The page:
An attacker with access to the development environment process of an application-specific integrated circuit (ASIC) for a victim system being developed or maintained after initial deployment can insert malicious functionality into the system for the purpose of disruption or further compromise.
Likelihood Of Attack
This table shows the other attack patterns and high level categories that are related to this attack pattern. These relationships are defined as ChildOf and ParentOf, and give insight to similar items that may exist at higher and lower levels of abstraction. In addition, relationships such as CanFollow, PeerOf, and CanAlsoBe are defined to show similar attack patterns that the user may want to explore.
Standard Attack Pattern - A standard level attack pattern in CAPEC is focused on a specific methodology or technique used in an attack. It is often seen as a singular piece of a fully executed attack. A standard attack pattern is meant to provide sufficient details to understand the specific technique and how it attempts to accomplish a desired goal. A standard level attack pattern is a specific type of a more abstract meta level attack pattern.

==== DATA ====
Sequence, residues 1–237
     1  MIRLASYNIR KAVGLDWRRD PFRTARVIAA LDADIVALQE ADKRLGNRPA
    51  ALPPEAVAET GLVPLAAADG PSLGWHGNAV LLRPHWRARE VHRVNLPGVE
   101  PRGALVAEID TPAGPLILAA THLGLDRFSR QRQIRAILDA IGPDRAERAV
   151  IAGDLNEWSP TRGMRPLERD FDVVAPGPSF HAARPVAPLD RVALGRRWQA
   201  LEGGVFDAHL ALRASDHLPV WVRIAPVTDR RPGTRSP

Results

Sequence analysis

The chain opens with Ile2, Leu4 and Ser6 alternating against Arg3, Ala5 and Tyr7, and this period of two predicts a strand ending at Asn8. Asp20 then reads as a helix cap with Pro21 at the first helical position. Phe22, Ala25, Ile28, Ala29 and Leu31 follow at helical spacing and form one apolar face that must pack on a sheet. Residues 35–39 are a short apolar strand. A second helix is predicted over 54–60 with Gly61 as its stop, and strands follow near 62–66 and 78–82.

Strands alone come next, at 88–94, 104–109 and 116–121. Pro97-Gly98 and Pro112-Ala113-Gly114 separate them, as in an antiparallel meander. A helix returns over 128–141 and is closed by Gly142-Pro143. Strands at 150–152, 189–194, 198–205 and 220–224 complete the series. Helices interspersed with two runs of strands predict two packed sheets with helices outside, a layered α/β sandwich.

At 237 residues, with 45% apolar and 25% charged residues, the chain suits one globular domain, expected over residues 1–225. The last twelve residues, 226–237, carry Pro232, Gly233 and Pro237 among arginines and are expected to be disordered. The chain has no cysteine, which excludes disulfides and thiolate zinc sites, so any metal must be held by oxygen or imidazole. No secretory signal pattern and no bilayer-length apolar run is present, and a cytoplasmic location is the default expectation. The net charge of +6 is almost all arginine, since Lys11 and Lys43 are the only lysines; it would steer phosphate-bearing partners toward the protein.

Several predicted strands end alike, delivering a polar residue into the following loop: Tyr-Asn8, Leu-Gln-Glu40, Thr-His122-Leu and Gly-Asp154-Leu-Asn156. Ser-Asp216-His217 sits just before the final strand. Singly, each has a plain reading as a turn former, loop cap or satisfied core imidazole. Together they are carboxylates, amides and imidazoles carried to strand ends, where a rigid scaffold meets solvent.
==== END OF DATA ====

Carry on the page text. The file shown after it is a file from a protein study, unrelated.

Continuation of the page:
The attacker must have working knowledge of some if not all of the components involved in the target system as well as the infrastructure and development environment of the manufacturer.
Advanced knowledge about the ASIC installed within the target system.
Able to develop and manufacture malicious subroutines for an ASIC environment without degradation of existing functions and processes.
A hardware manufacturer periodically updates its ASIC with new features. The attacker, knowing the manufacturer runs email on a system adjacent to the hardware development systems used for ASIC design, sends a phishing email with a malicious attachment to the manufacturer. When viewed, the malicious attachment installs a backdoor that allows the attacker to remotely compromise the adjacent ASIC development system. The attacker is then able to exfiltrate and alter sensitive data on the ASIC system, allowing for future compromise once a new AISC is deployed at the victim location.